2dly, The words may he considered absolutely in themselves, and so applicable to all men. In this sense they are a positive direction laid down in negative terms, and prescribing the way of our sincere worship of God. For interpreters do generally agree, that although David in these words intends to attest his own integrity, yet he does also no less intend to give men a rule for the regulation of their holy worship. For, by telling us that God does not respect the prayers of those that regard iniquity in their hearts, he does intimate, that the acceptation of all our holy services before God is grounded upon the inward, hearty sincerity of our souls; and therefore it ought to be our duty, both in point of reverence to God, and wisdom for our own interest, never to engage in any holy performance, without this sincerity, but especially in prayer, wherein men have the nearest address to God; and consequently, upon their sincerity, may here chiefly expect a blessing; and, upon the want of it, fear a judgment. I shall consider the words in this latter general sense; and so deduce from them an observation, not much distinct from the words themselves: for 342only by resolving them, as they lie in supposition, into a positive assertion, they afford us this doctrine:
Whosoever regards iniquity in his heart, the Lord will not hear him.
Or yet more plainly;
A man’s regarding or loving any sin in his heart, will certainly hinder his prayers from having any acceptance with God.
In the prosecution of this doctrine, I shall shew,
I. What it is for a man to regard or love sin in his heart.
II. What it is to have our prayers accepted with God.
III. How regarding or loving sin in the heart, hinders a man’s prayers from being thus accepted.
I. Concerning the first: a man may be said several ways to love or regard sin in his heart.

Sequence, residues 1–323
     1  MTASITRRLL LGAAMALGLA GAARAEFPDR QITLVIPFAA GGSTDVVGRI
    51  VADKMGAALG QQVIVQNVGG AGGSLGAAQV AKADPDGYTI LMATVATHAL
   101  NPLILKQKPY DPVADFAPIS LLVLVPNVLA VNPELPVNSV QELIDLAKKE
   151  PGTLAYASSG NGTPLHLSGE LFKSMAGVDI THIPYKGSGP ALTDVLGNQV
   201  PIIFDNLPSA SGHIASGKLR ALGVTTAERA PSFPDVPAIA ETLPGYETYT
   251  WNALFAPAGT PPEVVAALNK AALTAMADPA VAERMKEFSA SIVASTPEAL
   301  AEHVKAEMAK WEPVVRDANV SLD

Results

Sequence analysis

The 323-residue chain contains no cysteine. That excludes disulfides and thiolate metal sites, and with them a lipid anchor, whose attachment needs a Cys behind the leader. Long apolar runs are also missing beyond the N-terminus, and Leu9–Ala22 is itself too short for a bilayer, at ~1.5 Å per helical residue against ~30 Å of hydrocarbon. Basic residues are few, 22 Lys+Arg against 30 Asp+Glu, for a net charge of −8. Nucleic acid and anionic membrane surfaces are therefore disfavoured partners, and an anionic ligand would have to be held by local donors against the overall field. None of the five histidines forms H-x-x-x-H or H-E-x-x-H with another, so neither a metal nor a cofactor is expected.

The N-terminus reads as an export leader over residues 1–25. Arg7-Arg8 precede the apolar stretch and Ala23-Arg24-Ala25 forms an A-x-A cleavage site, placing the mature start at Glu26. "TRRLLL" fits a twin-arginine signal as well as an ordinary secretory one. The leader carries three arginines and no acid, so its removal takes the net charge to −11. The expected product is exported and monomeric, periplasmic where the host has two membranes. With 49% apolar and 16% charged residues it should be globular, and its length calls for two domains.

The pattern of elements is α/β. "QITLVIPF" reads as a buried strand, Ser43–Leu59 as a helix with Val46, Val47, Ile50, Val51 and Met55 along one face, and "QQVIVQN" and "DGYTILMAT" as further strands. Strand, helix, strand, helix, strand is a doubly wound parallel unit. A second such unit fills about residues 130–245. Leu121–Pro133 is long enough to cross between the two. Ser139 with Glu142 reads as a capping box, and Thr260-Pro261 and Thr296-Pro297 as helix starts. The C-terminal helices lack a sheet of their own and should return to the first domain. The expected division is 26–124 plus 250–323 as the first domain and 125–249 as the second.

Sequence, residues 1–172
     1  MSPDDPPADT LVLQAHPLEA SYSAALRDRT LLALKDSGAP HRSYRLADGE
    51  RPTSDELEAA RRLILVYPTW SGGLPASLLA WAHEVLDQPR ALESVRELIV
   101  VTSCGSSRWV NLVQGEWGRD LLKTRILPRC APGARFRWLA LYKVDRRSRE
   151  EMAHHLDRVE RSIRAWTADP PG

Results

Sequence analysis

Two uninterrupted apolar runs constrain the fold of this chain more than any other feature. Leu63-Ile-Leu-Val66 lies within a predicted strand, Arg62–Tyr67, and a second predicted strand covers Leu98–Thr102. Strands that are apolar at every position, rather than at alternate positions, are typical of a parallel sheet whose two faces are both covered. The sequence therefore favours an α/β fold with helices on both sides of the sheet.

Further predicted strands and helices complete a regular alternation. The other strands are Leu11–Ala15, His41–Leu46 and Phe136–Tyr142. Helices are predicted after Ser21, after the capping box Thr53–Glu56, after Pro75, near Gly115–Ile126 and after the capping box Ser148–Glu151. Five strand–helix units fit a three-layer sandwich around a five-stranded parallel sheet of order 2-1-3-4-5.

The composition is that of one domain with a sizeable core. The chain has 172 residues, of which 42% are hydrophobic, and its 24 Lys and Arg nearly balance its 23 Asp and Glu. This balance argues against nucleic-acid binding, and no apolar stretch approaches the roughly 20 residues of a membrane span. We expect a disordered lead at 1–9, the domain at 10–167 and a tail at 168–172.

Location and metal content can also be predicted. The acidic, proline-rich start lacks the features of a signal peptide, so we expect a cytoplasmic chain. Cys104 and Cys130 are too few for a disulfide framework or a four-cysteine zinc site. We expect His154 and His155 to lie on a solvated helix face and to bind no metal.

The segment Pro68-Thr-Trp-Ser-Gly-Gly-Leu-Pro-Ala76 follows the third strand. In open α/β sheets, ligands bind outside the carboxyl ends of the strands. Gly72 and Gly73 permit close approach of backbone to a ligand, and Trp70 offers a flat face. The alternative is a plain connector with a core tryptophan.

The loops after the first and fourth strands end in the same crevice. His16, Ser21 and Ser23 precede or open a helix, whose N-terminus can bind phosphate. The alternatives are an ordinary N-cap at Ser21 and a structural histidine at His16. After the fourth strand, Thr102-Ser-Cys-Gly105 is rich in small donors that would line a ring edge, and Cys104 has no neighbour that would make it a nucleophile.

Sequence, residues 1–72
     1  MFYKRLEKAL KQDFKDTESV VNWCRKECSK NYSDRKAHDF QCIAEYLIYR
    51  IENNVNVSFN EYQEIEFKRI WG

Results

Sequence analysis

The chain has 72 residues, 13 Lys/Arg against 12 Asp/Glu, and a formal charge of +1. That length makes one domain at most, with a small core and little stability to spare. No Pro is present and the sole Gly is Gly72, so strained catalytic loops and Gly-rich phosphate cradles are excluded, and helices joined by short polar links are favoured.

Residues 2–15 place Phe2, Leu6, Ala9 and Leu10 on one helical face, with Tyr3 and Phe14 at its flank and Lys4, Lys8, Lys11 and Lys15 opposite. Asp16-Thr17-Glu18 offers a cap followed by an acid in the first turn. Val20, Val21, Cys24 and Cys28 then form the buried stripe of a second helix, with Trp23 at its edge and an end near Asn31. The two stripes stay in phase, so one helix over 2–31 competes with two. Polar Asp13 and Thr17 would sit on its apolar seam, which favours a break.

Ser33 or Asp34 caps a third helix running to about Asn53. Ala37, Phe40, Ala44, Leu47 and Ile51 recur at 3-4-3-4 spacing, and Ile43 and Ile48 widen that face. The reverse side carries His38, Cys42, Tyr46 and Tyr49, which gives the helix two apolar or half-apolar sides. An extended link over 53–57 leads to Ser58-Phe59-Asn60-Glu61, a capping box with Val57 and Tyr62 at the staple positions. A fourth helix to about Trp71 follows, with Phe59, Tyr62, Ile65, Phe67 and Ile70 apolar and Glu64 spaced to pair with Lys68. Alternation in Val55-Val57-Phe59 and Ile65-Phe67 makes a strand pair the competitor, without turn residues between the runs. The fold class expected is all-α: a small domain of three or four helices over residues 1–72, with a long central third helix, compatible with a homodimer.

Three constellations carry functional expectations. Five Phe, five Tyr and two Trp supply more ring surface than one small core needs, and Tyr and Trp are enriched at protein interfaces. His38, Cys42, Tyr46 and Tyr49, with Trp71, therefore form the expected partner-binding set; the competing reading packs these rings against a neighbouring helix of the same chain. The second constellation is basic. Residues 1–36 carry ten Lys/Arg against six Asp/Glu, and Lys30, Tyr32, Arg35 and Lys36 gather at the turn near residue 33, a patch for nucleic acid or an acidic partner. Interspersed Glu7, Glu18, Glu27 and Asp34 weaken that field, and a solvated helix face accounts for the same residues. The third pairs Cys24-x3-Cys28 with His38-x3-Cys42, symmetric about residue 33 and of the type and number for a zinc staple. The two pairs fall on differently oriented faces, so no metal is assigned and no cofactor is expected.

1st, There is a constant and habitual love of sin in the unregeneracy and corrupt estate of the soul. For a man, as considered in his pure, or rather his impure naturals, has not only a strong, but an universal love to sin. Sin was born, and lay in the same womb with every man; therefore he must needs love it as his brother. Now, as union is generally stated the effect of love, therefore, since the union between sin and our nature is so close, we may thence also collect, that the love is very great. In this sense sin and the corruption thereof is styled the flesh; not only by a metonymy of the subject for the adjunct, because sin has its place and residence in the flesh; but also for the tender love and affection that we bear to it: for, as the apostle says, 343in Ephes. v. 29, No man hateth his own flesh, but nourisheth and cherisheth it; and withal, because we continually carry it about us. A man may as well go abroad, and leave his body and his flesh behind him, as an unregenerate man go any whither not attended by his sin. It is called sometimes the body of sin, and that deservedly, because it is so nearly united to the soul. The scripture has several expressions, shewing the cursed habitual love that a natural man bears to his sin. Sometimes it is called his right eye, Matth. xviii. 9, than which nothing is more dear, God himself sometimes expresses the greatness of his love to his children in the same terms: he regards them as the apple of his eye. To have one’s eye continually upon any thing, argues a great love of it; but to account it as the eye itself, shews a love more than ordinary. Elsewhere, sin is called our right hand, Mark ix. 43, the member of use and execution; and therefore most carefully tendered by man, whose nature it is to be in continual action. How dear it is, the common expression demonstrates; we say of an extra ordinary and beloved friend, he is our right hand. It is also placed and lodged in the heart, Jerem. xvii. 9 which in every sinner, as it is the original of natural life, so it is the principle and fountain of spiritual death. Sin, it is the primum vivens, and the ultimum moriens; life the heart itself, which harbours it in every finally impenitent sinner: so exceedingly beloved, that many unregenerate men vouchsafe even to live and die with their sins; which is the highest pitch of love imaginable. Again, in Job xv. 16, the wicked is said to drink iniquity like water. No appetite so strong as that of thirst. 344Hence, as it is the peculiar distinguishing property of the godly to thirst after righteousness, Matt. v. 6, so it is of the wicked to thirst after iniquity; who quenches his present desire of sin with the actual commission of it; as a man does his thirst, that is, both with vehemence and delight. It is proper only to the drunkard to make his drink his sin; but it is the nature of every carnal man (if you will admit of the expression) to account his sin as desirable as his drink. But that we may yet further see how a natural man loves, tenders, and regards his sin; there is nothing dear and lovely to us, but the Spirit of God expresses sin by that. What more to be prized than our eyes or hands? What can or ought to be more dear to us than our heart? more desired than our food, or more amiable than life? Yet sin, we see, engrosses all the affections that ought to be distributed amongst all these. This love is yet more evident from the service a carnal man does for his sin, who bears rule over him, from his own voluntary subjection. It is the nature of love, where it is excessive, to enslave a man to the commands of the party whom he loves: as Jacob did for Rachel, so a wicked man for his sin; he will serve many years for it, and they shall seem but a few days, because of the love he bears to it. What God and nature has bestowed on man, that, man has made a full and total resignation of to sin, to be commanded, used, and employed by it: the understanding is busied to contrive iniquity; the senses to purvey and bring in provender for it, in the representation of sinful objects; the will to command and govern in the name of sin; the outward powers and members to execute those commands: so that the whole frame and structure 345of man is principled, and, as it were, even animated by sin: for first, it has general rule and possession of all the faculties; and, secondly, of all the actions that flow from those faculties. And then, for the perpetuity and constant course of those actions, Gen. vi. 5, they are sinful continually, and without any intermission. In short, he that regards iniquity in his heart, in this habitual way, he so regards it as he neither does or can regard any thing else. For the force and activity of man’s mind is a limited force; and as it is with our attention, so it is also with our love, it cannot be vehement and intense at the same time upon two different objects. Now, from what has been said, it follows, that in this manner a regenerate person cannot love or regard sin; and all unregenerate do.